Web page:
Adipose tissue hormones

Adipose tissue is an active endocrine organ, producing adipokines, such as leptin, and pro-inflammatory cytokines, such as interleukin-6 (IL-6), that can affect spermatogenesis and sperm function (Shukla et al, 2014). For example, increased IL-6 levels can diminish the ovum-penetrating capability of spermatozoa and disrupt the penile endothelium by creating high levels of damaging reactive oxygen species. Leptin, although primarily responsible for satiety, has been shown to influence male reproduction both at the level of the testes and at the HPG axis. Leptin levels increase with fat mass and show an inverse relationship with serum testosterone levels in overweight and obese people (Shukla et al, 2014). High leptin levels can negatively influence Leydig cell testosterone synthesis by inhibiting the conversion of 17-OH progesterone into testosterone (Teerds et al, 2011). Furthermore, leptin receptors have been found on sperm plasma membranes and in ejaculate, suggesting a direct endocrine effect of the hormone on sperm (Aquila et al, 2005). Human adipose tissue also produces prolactin, and obese people often exhibit hyperprolactinaemia, which can inhibit secretion of GnRH as well as directly influencing spermatogenesis by acting on prolactin receptors on the Sertoli and Leydig cells, potentially causing infertility (Singh et al, 2011).

Impact on future generations

It has been known for some time that the uterine environment to which the fetus is exposed can have an impact later in life in terms of the diseases that are contracted, which has led to the “fetal and infant origins of adult disease” hypothesis (Robinson, 2001). There is now growing evidence that paternal health cues can be passed to the next generation as well as maternal ones (Skinner et al, 2010). Although more research needs to be done in humans, there is evidence from animal models that paternal obesity can, through epigenetic changes, augment the susceptibility to obesity and diabetes in the offspring, implying another possible mechanism for the growing incidence of these chronic diseases (Ozanne, 2015)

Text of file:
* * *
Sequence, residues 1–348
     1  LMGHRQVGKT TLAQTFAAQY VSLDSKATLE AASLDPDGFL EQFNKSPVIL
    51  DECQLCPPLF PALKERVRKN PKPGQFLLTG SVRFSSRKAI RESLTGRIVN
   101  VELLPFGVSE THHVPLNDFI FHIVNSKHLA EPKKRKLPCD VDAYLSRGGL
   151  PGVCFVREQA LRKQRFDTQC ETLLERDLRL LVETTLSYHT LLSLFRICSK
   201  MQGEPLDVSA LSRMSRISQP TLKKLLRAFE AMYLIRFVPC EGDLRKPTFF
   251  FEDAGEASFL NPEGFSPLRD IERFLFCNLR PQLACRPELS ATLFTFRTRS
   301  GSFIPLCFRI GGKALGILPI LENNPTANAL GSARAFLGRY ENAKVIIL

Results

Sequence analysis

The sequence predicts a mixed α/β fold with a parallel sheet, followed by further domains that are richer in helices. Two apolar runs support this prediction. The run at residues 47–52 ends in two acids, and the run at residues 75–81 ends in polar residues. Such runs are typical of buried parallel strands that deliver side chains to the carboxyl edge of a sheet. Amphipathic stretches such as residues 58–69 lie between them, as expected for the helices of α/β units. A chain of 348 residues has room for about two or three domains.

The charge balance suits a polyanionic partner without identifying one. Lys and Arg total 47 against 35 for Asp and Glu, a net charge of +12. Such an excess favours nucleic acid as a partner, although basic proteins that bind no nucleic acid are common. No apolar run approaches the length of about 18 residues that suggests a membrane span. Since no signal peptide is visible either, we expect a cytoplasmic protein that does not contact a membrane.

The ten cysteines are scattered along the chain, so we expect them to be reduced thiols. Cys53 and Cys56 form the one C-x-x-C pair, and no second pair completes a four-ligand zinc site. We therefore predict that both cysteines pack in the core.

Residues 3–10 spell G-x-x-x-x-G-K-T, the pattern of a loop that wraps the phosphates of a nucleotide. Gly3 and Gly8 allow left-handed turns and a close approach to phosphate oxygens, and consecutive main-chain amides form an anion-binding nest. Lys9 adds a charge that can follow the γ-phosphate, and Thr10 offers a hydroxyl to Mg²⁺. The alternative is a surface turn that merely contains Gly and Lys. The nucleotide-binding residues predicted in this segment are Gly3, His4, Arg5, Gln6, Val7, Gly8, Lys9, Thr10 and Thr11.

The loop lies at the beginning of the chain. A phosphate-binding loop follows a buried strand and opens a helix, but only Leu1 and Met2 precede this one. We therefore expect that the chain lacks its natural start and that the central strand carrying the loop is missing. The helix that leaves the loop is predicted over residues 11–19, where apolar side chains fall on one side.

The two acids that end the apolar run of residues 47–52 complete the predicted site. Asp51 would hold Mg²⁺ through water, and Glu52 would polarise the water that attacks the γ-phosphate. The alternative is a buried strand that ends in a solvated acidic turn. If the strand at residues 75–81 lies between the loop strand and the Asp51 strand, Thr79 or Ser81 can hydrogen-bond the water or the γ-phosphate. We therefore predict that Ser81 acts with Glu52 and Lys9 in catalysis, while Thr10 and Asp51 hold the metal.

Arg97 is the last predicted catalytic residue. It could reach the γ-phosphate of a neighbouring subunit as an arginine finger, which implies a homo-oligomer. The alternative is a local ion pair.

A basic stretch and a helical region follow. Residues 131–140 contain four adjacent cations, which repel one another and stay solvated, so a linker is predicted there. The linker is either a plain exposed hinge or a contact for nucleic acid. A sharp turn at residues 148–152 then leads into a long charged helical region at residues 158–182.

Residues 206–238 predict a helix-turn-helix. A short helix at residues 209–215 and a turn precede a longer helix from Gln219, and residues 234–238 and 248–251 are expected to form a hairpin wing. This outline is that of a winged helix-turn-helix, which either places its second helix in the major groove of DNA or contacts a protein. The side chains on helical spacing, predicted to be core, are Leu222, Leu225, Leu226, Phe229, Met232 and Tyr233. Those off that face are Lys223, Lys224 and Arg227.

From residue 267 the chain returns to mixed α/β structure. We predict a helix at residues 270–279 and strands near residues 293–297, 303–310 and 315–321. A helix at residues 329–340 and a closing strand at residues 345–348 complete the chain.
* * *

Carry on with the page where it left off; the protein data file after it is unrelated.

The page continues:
Treatment

An important point made by Teerds et al (2011) is that most overweight or obese men do not experience significant fertility problems despite the presence of lowered testosterone, although there is a higher prevalence of obesity among men with poor semen quality than in those with normal semen quality (Magnusdottir et al, 2005). However, identifying the subgroup who do develop these problems and finding effective treatment options will have a dramatic impact on the many couples for whom male infertility is a problem.

The diagnosis and treatment of reduced fertility observed in these obese men requires insight into the underlying pathology, which has hormonal, mechanical and psychosocial aspects (Hammoud et al, 2012). Natural weight loss and bariatric surgery are options for obese people and have shown promising results in restoring fertility and normal hormonal profiles in some individuals (Reis and Dias, 2012). The fact that these methods are not effective in all cases shows the complex aetiology that underlies the problem.

Although obesity is associated with low serum testosterone concentrations, treatment with exogenous testosterone is likely to adversely affect fertility as a result of the feedback mechanism influencing gonadotrophin release. Treatment of morbidly obese people with aromatase inhibitors has resulted in suppression of oestradiol and, in some cases, normalisation of spermatogenesis and fertility (Roth et al, 2008).

More simple measures may lie in reviewing the dietary constituents, along with smoking and alcohol, which are known to have adverse effects on spermatogenesis. According to Afeiche et al (2014), red meat, as a source of saturated fat, is related to low sperm concentration and total sperm count, whereas fish is an important source of long-chain omega-3 fatty acids, which appear to play an important role in spermatogenesis and have been associated with better sperm morphology.

Conclusion

As the number of obese men increases, and the potential impact of obesity on a man’s fertility is becoming more widely recognised, it is important that more research is carried out, not only to ensure that the man’s obesity does not impact a woman’s chance of getting pregnant, but also to determine the mechanisms by which non-genetic transfer of paternal environmental information may cause long-term trans-generational effects (Soubry et al, 2014).